Carol A. Griffin for the defendant.
Albert E. Grady, for the plaintiffs, submitted a brief.
The plaintiffs, William and Rose Reilly, filed a motion in the Superior Court seeking arbitration pursuant to G. L. c. 251 (1990 ed.), to decide their underinsurance claim against the defendant, Metropolitan Property & Liability Insurance Company (and another insurer not involved in this appeal), following an automobile accident in which Rose Reilly was injured. The motion was allowed. The arbitrator awarded damages to both plaintiffs and directed that the awards were to be paid by Metropolitan alone. His award did not mention the matter of interest. On January 10, 1990, the plaintiffs moved in the Superior Court to confirm the arbitrator's award, see G. L. c. 251, Section 11 (1990 ed.), and sought interest from the date their motion for arbitration was filed. A judge of the Superior Court allowed
the plaintiffs' motion to confirm, and on January 25, 1990, entered two orders directing Metropolitan to pay each plaintiff the damages awarded by the arbitrator "together with costs and interest from the time [the] action was commenced." Metropolitan appealed, and we transferred the case to this court on our own motion.
Metropolitan argues that the judge should not have added preaward interest to the damages awarded by the arbitrator, and that interest should have been granted only for the period between the date of the filing of the motion to confirm and the date of the entry of the judgment. In Sansone v. Metropolitan Property & Liab. Ins. Co., 30 Mass. App. Ct. 660 (1991), the Appeals Court addressed the questions involved in this case: (a) whether preaward interest should be added pursuant to the interest provisions of G. L. c. 231, Sections 6B, 6C, or 6H, to an arbitrator's award involving an underinsurance claim which was silent on interest, and (b) during what period postaward interest should run. On the first question, the Appeals Court concluded that a successful plaintiff in this type of arbitration should not obtain preaward interest. "If the silence of an arbitrator's award as to interest entitles the party obtaining a monetary award to claim interest under the interest provisions of G. L. c. 231, Sections 6B, 6C, or 6H, by coming into court to confirm an award -- in this case one already paid -- the purpose of avoiding court proceedings is vitiated. That important purpose is better served by considering, in the absence of an explicit agreement to the contrary, pre-award damage claims, including interest, to have been submitted to arbitration." Sansone, supra at 662-663. We agree with these observations and the conclusion reached by the Appeals Court. As to the question of postaward interest, the Appeals Court stated that, "To encourage `swift obedience' to the award without the necessity of court proceedings, the rule in Massachusetts is that post-award interest runs from the date of the award." Id. at 663. This statement of the rule is correct. There is no reason why these rules should not be applied to this case.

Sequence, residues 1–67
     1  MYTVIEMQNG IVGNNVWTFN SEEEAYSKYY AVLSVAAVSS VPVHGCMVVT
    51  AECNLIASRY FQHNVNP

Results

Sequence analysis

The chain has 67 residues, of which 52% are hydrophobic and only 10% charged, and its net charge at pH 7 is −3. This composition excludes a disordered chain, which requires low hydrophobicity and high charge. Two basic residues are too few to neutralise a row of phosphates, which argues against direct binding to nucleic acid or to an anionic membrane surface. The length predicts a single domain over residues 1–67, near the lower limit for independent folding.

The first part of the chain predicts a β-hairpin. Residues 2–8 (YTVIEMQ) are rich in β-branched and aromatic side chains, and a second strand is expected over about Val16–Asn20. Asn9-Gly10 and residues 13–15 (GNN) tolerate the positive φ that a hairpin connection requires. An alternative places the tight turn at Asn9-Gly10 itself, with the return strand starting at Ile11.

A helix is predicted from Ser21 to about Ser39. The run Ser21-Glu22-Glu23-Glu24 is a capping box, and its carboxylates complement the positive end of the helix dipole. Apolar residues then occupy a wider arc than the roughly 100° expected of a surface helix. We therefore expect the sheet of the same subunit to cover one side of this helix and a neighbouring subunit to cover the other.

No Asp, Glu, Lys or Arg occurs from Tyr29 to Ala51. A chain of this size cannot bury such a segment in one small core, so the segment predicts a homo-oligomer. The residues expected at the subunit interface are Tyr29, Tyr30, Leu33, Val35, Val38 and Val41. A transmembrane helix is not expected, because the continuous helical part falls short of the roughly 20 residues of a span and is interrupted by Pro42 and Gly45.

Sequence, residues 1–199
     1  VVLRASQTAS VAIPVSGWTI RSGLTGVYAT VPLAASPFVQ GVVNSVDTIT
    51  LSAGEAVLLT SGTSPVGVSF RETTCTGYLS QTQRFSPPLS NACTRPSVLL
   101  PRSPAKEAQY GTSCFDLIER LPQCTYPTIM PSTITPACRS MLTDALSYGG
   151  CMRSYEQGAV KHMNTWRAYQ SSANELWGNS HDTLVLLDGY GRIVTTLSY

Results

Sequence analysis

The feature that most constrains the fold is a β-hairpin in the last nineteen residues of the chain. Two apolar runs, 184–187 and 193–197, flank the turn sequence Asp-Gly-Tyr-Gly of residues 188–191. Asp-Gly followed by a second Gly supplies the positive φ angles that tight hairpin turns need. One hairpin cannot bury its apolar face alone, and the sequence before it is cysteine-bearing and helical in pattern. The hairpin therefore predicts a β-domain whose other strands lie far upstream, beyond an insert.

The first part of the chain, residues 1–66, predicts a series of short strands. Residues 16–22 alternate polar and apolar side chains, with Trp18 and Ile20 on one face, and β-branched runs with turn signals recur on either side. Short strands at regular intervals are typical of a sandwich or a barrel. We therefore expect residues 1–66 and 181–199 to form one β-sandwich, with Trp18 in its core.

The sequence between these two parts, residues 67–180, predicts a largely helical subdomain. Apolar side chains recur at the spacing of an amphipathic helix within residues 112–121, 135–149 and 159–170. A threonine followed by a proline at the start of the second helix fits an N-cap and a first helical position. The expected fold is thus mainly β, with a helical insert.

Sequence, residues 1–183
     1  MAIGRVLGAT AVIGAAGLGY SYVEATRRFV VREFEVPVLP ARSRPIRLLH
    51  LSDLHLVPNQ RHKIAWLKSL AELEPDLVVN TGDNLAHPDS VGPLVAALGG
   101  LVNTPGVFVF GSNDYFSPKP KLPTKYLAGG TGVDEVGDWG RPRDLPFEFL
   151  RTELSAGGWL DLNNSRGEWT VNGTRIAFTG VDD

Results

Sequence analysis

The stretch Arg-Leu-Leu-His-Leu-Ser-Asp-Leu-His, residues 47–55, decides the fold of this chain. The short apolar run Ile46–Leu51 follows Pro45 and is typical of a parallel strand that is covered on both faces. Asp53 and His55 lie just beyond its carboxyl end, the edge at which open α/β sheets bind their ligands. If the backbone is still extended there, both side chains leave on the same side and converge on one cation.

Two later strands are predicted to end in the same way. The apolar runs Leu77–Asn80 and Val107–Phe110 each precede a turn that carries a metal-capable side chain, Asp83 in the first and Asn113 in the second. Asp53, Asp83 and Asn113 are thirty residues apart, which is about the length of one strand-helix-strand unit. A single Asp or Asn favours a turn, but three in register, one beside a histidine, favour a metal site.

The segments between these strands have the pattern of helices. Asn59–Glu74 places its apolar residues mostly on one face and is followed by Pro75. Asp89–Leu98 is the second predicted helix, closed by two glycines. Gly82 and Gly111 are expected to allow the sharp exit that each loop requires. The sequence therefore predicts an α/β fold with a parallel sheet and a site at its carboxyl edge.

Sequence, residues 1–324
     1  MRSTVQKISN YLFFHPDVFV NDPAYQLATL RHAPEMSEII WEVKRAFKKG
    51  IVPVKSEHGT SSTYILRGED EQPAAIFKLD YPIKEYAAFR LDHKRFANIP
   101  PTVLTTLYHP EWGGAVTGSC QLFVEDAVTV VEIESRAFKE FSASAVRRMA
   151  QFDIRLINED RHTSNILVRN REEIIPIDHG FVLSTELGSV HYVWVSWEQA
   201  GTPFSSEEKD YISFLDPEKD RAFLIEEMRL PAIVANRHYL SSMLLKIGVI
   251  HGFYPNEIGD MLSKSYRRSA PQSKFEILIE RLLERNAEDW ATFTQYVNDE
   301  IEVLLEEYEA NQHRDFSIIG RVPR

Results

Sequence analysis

The orders entered in this case on January 25, 1990, are modified by striking all provisions for interest other than that applicable to the postaward period from the date of the award to the date the orders are satisfied and, as so modified, the orders are affirmed.
[Note 1] Rose Reilly.